Gulab Shah, 45, is having sleepless nights. He and his family are worried about their imminent migration from their village in Jhaloo to a major city in Pakistan, thanks to the continued ingress of sea water inland.
Extreme rainfall and heavy flooding, often amplified by climate change, causes devastation among communities. But new research published on Aug. 7 in the scientific journal Nature
reveals that these dangerous events are extremely significant in recharging groundwater aquifers in drylands across sub-Saharan Africa, making them important for climate change adaptation.
Leaders at the Group of 20 summit last month agreed on the “Osaka Blue Ocean Vision,” which aims to reduce additional pollution by marine plastic litter to zero by 2050. The UN Economic and Social Commission for Asia and the Pacific (ESCAP) stands ready to support Japan and other countries in the region to ensure healthy and sustainable oceans.
Research and experience across more than two decades in rural Odisha, India, show that an effective rural sanitation model requires both financial assistance and an integrated water supply.
Research scientists are studying groundwater resources in three African countries in order to understand the renewability of the source and how people can use it sustainably towards a green revolution in Africa.
"This is the best thing ever invented for the poor," says Emanuel del Monte, pointing to a tank covered in black tarps protruding from the roof of his house. It forms part of a system built mostly from waste materials, which heats water through solar energy and is improving lives in Argentina.
Children from the neighboring municipalities of Ovalle and Río Hurtado in northern Chile are harvesting rain and recycling greywater in their schools to irrigate fruit trees and vegetable gardens, in an initiative aimed at combating the shortage of water in this semi-arid region.
Because the government has never provided them with electricity, indigenous communities in the mountains of northwest Guatemala had no choice but to generate their own energy.
As the UN commemorates World Environment Day, UNDP would like to take this opportunity to commend Ecuador’s efforts to address climate change and its commitment to raising its climate ambition.
Giving birth is a life changing moment for women. It can be - when women have a safe and caring environment, positive and empowering - a moment to find a previously untapped inner strength.
Global biodiversity loss has reached critical levels.
One million species of plants and animals are now estimated to be at risk of extinction. The window for action is closing, and the world needs to urgently take note.
Post-secondary education relevant to the global water crisis is concentrated in wealthy countries rather than the poorer, developing places where it is needed most.
The Copenhagen Fashion Summit celebrated its tenth anniversary last week. The summit, which is often referred to as the Davos of fashion, is a key date in the fashion diary for those businesses with a pioneering vision to highlight issues and create solutions for a more sustainable industry.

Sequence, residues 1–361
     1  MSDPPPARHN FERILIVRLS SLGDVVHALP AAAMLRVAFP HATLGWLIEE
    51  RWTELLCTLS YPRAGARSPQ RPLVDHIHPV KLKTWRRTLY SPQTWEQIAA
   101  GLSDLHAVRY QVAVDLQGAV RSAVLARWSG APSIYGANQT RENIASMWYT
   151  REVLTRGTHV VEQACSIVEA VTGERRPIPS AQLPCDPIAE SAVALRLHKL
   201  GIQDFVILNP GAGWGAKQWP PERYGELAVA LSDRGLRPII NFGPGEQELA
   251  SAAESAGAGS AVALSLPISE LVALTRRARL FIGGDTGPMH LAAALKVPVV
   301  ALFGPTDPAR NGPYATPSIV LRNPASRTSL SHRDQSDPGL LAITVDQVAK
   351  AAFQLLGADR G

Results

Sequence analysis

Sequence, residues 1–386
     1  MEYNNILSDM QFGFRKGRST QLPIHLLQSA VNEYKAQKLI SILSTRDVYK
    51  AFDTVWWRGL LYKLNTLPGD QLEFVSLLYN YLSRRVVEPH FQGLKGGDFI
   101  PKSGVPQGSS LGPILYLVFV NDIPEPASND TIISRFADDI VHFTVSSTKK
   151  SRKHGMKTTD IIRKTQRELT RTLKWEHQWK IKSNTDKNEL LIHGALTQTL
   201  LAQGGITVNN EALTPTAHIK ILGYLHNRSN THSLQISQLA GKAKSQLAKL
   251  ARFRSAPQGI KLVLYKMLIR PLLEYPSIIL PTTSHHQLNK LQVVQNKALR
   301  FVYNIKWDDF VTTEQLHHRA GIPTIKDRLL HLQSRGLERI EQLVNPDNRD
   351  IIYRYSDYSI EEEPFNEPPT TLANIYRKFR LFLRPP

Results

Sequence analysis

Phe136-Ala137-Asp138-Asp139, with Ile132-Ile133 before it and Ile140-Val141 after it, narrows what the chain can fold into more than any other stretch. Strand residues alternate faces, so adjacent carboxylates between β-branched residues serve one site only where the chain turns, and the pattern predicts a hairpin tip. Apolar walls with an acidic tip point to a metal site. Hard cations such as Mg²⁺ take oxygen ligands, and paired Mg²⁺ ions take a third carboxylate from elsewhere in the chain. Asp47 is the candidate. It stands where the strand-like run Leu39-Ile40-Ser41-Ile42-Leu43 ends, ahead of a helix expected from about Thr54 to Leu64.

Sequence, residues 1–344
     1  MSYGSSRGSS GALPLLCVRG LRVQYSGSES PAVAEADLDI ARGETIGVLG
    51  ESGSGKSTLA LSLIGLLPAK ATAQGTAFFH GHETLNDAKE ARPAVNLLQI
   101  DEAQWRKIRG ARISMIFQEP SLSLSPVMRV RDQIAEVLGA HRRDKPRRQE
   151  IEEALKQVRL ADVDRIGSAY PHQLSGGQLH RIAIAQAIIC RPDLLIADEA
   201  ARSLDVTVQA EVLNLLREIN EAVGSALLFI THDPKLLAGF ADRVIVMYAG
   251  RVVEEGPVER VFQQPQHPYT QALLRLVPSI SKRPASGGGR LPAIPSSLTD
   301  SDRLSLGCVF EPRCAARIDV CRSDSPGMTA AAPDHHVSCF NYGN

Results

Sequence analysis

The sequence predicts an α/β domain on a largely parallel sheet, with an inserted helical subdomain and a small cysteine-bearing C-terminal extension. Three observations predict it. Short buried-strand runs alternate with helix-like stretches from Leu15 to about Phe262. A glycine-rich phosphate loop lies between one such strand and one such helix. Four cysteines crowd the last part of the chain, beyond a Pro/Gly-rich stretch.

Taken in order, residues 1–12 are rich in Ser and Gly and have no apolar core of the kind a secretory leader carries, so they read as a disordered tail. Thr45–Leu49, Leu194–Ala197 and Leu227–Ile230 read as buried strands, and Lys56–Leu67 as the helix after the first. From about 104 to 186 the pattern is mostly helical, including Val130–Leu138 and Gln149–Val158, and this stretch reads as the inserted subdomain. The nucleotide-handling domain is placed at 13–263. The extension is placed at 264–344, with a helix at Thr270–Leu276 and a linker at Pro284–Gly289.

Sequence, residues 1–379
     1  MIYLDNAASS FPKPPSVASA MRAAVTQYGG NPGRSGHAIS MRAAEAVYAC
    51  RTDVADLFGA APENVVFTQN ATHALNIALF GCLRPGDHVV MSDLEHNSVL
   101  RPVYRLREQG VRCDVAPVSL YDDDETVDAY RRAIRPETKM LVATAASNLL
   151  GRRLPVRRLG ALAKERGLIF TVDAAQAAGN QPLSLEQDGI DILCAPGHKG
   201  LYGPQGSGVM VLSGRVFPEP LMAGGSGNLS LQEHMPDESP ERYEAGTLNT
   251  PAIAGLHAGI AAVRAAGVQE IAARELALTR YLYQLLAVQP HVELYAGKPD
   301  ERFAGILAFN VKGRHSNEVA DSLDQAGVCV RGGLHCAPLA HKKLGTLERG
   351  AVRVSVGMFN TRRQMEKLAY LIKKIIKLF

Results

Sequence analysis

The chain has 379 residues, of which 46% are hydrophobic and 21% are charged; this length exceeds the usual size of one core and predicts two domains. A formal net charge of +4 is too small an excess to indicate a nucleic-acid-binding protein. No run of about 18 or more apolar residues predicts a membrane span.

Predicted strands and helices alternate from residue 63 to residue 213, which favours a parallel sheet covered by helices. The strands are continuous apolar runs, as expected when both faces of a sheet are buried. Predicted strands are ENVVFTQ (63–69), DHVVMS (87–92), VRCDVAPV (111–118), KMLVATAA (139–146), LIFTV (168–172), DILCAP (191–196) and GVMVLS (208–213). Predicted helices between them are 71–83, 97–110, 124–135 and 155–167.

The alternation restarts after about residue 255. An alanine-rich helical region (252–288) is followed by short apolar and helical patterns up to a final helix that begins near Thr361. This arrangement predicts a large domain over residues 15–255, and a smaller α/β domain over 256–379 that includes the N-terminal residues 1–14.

(UNB/IPS) - Kaptai Lake, the biggest manmade lake in Bangladesh, is heading for a tragic end as sediments fill up its bottom and waste materials continue to pollute it every day.
In the stifling heat, Diego Matom takes the bread trays out of the oven and carefully places them on wooden shelves, happy that his business has prospered since his village in northwest Guatemala began to generate its own electricity.
While residents across Prince Rupert, British Columbia are once again able to get safe drinking water from their taps, the boil-water advisory lifted there in late January should not be forgotten. Canada is a freshwater-rich country, but the time for complacency on essential water issues has long passed. Most people living in Canada have access to safe water. But drinking water advisories in the country about unsafe water have been concentrated in First Nation communities.
For nearly three decades, several communities in southeastern El Salvador have collectively and efficiently managed the water they consume, but monoculture production and climate change put their water at risk.
The depletion of groundwater table in Dhaka has made water crisis in the city acute, especially during the dry season. What are the reasons behind this?
We have conducted many research studies in the last 15/20 years and have found that Dhaka's groundwater table has been gradually depleting at an average rate of one metre or 30/40 centimetres sometimes. Because of the rapid urbanisation of the city, the demand for groundwater has been increasing. In the multi-storied buildings and towers that are being constructed, high-powered pumps are used to extract water from underground. This contributes significantly to the lowering of the groundwater table. In Dhaka, there is no water in the shallow aquifers (50-70 feet deep). Presently, water is being extracted from the intermediate and deep aquifers, which are 600 to 800 feet deep.
Every year, the World Economic Forum asks some 1,000 decision-makers from the public sector, business, academia and civil society across the globe to assess the risks facing the world over the decade to come.
Water is a precondition for human existence, and for the sustainability of our planet. It is entwined with almost everything human, from climate change and global economy to gender issues and human rights.